One ﬁnal step remains: the addition of time dependence to generate a sequence of the sea surface realizations. Many scientiﬁc applications do not need time dependence. This is the case when many independent random realizations of sea surfaces are used for Monte Carlo ray tracing to compute the average optical reﬂectance and transmittance properties of wind-blown sea surfaces. However, time dependence is crucial for applications such as computer-generated imagery for movies.
We already have the needed theory in hand from the page on Spectra to Surfaces: 2D. The fundamental are equations from that page are
These quantities are evaluated as described on that page, but with the evaluations done at particular times . Most importantly, these equations make no simplifying assumptions about the symmetry of the two-sided variance spectrum .
As we have learned, the Fourier transform of a snapshot of the sea surface gives a two-sided variance spectrum with identical values for and . This represents equal amounts of energy propagating in the and directions, i.e., equal amounts of energy in waves propagating upwind and downwind. Such a situation in nature gives standing waves. Here also, if , the time-dependent surface will be standing waves composed of waves of equal energy propagating the and directions. To obtain waves propagating downwind, as is the case in a real ocean, we must use an asymmetric two-sided spectrum with , so that almost all of the energy is propagating downwind. Note, however, that we cannot simply set , which represents no energy at all propagating upwind. This is because destroys the Hermitian property of Eq. (2). Thus we must conjure up an asymmetric variance spectrum that allows a nonzero (although perhaps negligible) amount of energy to propagate upwind.
An asymmetric two-sided variance spectrum can be constructed using an asymmetric spreading function as described on the previous page, Spreading Function Eﬀects . Spreading functions of the form
described there allow some energy to propagate in directions, i.e. when . With this choice of a spreading function, we can let the magnitude of equal the magnitude of the one-sided variance function , which gives the total variance, because we assume that a negligible amount of the total energy propagates in directions. With this assumption, there is no division of by 2 in the ﬁrst line of Eq. (1). That is, we are starting with a two-sided, asymmetric spectrum, not with a one-sided spectrum based on the assumption of upwind-downwind symmetry.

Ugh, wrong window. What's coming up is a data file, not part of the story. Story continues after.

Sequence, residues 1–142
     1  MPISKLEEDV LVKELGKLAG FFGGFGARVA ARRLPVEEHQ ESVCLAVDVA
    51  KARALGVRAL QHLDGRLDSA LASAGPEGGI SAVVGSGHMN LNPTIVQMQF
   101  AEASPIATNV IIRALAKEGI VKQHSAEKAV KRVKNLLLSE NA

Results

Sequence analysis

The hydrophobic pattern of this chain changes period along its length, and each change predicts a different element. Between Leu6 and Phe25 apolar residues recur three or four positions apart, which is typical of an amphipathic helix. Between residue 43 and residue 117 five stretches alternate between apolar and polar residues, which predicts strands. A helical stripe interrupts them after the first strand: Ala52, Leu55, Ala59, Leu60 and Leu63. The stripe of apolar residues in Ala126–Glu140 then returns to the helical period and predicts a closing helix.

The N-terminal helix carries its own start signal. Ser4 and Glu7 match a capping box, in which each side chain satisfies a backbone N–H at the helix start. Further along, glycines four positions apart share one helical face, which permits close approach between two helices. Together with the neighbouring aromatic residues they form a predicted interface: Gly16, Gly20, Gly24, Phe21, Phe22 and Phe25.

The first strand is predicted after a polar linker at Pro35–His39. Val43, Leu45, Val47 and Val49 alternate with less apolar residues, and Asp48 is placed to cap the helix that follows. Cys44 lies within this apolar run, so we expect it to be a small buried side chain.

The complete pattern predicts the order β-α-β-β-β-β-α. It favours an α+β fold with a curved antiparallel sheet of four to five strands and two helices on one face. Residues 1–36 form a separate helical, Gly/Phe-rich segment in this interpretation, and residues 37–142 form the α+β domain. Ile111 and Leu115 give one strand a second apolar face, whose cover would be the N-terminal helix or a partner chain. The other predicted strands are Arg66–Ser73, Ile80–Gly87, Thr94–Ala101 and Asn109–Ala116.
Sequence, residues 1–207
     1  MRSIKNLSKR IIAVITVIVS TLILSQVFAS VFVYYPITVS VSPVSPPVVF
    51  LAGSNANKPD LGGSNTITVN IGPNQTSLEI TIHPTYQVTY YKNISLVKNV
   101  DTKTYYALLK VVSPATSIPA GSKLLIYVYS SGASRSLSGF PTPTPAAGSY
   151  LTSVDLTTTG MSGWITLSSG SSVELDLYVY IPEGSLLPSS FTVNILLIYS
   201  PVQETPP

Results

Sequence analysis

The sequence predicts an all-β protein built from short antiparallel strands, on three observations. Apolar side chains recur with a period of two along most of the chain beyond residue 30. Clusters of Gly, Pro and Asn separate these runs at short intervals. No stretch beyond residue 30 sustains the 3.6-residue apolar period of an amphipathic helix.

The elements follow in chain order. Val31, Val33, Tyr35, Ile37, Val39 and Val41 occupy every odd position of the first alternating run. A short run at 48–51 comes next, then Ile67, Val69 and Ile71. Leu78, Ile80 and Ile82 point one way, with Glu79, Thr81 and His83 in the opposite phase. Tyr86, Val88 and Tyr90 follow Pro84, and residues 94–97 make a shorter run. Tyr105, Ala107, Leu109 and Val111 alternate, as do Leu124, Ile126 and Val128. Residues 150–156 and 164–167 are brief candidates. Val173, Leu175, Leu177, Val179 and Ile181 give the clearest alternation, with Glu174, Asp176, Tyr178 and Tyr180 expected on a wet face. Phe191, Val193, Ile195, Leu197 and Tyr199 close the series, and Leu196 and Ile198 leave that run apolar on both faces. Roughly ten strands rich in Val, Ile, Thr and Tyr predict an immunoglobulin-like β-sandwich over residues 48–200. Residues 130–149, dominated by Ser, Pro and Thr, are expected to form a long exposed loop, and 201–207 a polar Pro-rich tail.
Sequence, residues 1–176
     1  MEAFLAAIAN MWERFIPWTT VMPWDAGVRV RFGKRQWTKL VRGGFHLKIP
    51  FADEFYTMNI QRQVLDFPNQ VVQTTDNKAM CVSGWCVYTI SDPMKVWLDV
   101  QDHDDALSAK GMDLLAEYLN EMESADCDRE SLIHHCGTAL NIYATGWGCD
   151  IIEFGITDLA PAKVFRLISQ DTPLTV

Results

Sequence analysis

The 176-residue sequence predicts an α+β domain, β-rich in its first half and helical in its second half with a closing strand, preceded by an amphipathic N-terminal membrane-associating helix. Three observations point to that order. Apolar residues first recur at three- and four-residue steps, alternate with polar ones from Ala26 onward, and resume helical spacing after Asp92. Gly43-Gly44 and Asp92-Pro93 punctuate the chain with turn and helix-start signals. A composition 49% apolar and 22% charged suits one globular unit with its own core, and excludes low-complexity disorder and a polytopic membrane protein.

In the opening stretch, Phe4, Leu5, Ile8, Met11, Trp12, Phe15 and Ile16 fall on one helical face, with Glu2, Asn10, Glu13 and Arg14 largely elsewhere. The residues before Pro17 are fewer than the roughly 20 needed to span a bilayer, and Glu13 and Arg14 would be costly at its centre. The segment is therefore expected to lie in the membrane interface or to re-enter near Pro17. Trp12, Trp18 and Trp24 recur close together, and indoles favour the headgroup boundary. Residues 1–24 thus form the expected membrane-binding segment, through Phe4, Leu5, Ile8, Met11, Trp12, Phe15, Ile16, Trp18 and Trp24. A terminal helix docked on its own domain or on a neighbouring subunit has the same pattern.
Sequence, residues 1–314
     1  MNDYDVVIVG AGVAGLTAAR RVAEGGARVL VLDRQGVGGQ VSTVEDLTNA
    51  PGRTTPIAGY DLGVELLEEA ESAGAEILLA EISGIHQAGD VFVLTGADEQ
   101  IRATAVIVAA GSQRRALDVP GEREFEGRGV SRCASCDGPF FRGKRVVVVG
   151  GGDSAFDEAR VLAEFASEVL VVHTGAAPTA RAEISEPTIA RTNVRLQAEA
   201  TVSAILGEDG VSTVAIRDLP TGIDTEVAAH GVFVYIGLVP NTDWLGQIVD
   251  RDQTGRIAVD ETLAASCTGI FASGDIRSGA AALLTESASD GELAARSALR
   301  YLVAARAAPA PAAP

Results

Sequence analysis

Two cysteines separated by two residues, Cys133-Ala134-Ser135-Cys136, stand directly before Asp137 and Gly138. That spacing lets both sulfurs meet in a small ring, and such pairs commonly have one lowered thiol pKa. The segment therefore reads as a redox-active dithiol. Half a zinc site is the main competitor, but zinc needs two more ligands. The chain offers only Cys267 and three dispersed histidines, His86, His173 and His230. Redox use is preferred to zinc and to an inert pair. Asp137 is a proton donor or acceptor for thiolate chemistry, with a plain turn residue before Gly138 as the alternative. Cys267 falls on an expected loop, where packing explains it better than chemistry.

Once an asymmetric has been deﬁned, we can evaluate Eq. (1) for a set of random numbers and . This is done only once. Then to generate a sequence of sea surface realizations for times , we multiply the time-independent amplitudes by the time-dependent cosines and sines as was shown previously in
We thus obtain the amplitudes at the current time . The inverse Fourier transform of this gives the sea surface at time .
The physics (or lack thereof) of this process is simple. We start with a realization of the sea surface at time zero. This surface contains waves of many discrete frequencies traveling in all directions . Then to get the surface at any later time , we simply propagate the sinusoidal waves of each frequency in their original direction of travel through a phase change determined by the time step and the dispersion relation . For deep-water gravity waves, the dispersion relation is . It thus visually appears that the waves are propagating and the sea surface proﬁle is changing with time. However, this Fourier transform technique is really just moving a collection of independent, non-interacting sinusoids through frequency-dependent phase angles to create a new surface realization from the sum of the phase-shifted sinusoids. In a real ocean, waves of diﬀerence frequencies can interact with each other (redistribute energy among frequencies) in highly complex and nonlinear ways, so that the sea surface statistics may not be time-independent. This is, in particular, how little waves grow to big waves when the wind begins to blow over a level surface. Modeling the nonlinear evolution of a sea surface is beyond the abilities of Fourier transform techniques which are, at heart, just a mathematical artiﬁce based on a time-independent directional variance density spectrum.